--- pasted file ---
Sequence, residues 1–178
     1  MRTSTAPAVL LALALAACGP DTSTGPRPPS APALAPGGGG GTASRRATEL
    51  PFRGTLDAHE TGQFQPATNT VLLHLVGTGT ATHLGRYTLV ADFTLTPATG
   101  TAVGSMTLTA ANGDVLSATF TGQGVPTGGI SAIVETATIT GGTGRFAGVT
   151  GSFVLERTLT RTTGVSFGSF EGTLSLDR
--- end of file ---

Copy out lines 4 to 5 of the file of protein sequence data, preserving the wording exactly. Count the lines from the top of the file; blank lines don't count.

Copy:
   101  TAVGSMTLTA ANGDVLSATF TGQGVPTGGI SAIVETATIT GGTGRFAGVT
   151  GSFVLERTLT RTTGVSFGSF EGTLSLDR